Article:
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By Angela Theodosopoulos, PhD

While glacial thawing shapes ecosystem processes in the Green Lakes Valley, long-term data shows that it alone cannot explain the spatiotemporal patterns of stream chemistries.

Black mountaintops poke out from a white snowy band in the middle of the frame, and mixed snow and rock extends towards the viewer—this mixed snow and rock is the rock glacier Arikaree.

Arikaree Glacier is located atop the NWT LTER Green Lakes Valley. Since the early 2000’s the glacier has become noticeably reduced in size. It’s predicted that the glacier will have vanished within the next 20 years resulting in significant changes for the surrounding ecosystem.
Credit: S. Taylor, CC BY-SA 4.0.

Melting glaciers are now ubiquitous across the globe, and can have serious downstream effects on alpine ecosystems and surrounding watersheds. When metals are released from the ice, and newly exposed bedrock is subject to weathering, the newly released material alters alpine habitats downstream of melting glaciers. 

Understanding how glaciers shape ecosystem processes has been a major research focus at the Niwot Ridge (NWT) LTER, where climate measurements have been collected since the 1950’s. But a new analysis based on 36 years of data reveals that the mechanisms shaping NWT streams are more complicated than previously predicted based on glacial thaw alone—a result that runs counter to older findings from the same research station. 

Prof. Iggy Litaor, a researcher at Tel-Hai College in Israel, reanalyzed long-term lake chemistry data from the NWT LTER to test a previous hypothesis: that the rapidly melting Arikaree glacier has predictable effects downstream. In particular, he wanted to see if glacial runoff into lakes and streams with metals has altered their chemistries. If glacial melt alone is what is affecting stream chemistries, then intensifying rock glacial melt could have significant effects on the ecosystem’s flora and fauna and consequences for the Boulder County Watershed, a key drinking water source. While his results, published in a new paper in Science of the Total Environment, suggest that NWT stream chemistries are indeed changing over time, this change is not consistent with heavy metal upticks from rock glacial runoff.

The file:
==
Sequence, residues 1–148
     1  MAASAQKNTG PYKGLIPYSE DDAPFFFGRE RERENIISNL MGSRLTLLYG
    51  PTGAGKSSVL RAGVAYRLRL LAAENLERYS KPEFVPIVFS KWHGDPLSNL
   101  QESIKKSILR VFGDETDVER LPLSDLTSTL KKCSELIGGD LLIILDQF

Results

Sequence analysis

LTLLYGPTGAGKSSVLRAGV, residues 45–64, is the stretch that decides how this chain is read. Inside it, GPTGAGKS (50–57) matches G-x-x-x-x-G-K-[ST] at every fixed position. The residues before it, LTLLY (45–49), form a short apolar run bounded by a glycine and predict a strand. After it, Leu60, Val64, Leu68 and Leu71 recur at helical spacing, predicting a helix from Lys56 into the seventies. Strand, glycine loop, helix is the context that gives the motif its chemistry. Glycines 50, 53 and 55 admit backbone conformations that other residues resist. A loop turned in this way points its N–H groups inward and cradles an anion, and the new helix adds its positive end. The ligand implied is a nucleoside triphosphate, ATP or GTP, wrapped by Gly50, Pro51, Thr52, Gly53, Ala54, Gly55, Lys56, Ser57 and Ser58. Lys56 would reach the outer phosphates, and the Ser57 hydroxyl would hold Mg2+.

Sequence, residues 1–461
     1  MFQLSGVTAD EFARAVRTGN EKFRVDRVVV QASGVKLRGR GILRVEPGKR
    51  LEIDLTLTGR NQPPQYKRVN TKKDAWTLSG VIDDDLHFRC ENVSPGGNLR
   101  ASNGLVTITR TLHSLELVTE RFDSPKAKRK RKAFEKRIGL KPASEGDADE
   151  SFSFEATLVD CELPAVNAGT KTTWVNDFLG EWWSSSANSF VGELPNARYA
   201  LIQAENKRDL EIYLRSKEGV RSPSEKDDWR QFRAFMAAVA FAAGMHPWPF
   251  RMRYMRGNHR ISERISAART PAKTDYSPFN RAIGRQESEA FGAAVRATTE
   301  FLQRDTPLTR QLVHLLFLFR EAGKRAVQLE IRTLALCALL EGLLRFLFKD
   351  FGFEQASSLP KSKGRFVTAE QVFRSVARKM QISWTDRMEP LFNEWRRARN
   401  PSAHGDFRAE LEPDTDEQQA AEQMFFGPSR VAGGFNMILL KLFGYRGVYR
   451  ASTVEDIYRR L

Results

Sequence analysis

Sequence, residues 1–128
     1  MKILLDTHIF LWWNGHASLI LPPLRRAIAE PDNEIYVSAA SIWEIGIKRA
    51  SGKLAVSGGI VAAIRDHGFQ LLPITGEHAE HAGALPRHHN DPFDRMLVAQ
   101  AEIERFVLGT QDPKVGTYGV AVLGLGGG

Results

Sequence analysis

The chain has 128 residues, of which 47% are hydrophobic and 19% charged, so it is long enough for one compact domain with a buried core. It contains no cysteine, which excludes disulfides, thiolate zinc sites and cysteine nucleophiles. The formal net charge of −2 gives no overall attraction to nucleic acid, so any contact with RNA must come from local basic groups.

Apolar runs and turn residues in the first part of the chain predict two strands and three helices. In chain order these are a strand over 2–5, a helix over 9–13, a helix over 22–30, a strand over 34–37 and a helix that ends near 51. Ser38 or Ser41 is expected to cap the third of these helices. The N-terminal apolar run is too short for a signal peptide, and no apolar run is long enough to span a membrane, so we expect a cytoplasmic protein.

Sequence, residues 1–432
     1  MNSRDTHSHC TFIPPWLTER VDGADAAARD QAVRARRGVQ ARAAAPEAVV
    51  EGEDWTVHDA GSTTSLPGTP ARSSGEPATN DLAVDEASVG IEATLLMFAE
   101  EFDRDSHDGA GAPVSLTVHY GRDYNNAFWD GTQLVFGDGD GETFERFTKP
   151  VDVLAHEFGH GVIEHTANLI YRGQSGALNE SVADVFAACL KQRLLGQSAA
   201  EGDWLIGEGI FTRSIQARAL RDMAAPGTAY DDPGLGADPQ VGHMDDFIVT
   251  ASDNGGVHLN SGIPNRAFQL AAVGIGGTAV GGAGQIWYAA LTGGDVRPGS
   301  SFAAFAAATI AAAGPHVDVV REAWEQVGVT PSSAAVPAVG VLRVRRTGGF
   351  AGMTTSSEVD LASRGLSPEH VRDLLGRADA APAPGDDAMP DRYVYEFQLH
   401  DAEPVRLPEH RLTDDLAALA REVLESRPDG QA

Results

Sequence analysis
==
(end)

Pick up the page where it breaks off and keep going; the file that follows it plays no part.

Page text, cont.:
What’s in a stream chemistry? 

The site of Dr. Litaor’s study is a rock glacier, where underlying glacial ice is covered by rock and gravel. When the glacier melts, the melt mobilizes mostly negatively charged anions from the oxidation of pyrite. Dr. Litaor therefore designed a simple scheme to test if rock glacial melt is the predominant driver of downstream water chemistry. If rock glacial melt is the only mechanism that is altering Green Lakes Valley (GLV) stream chemistries, then downstream pH values should decrease over time from the inflow of negative ions. Niwot has stream chemistry data extending back to 1984, which made his analysis possible.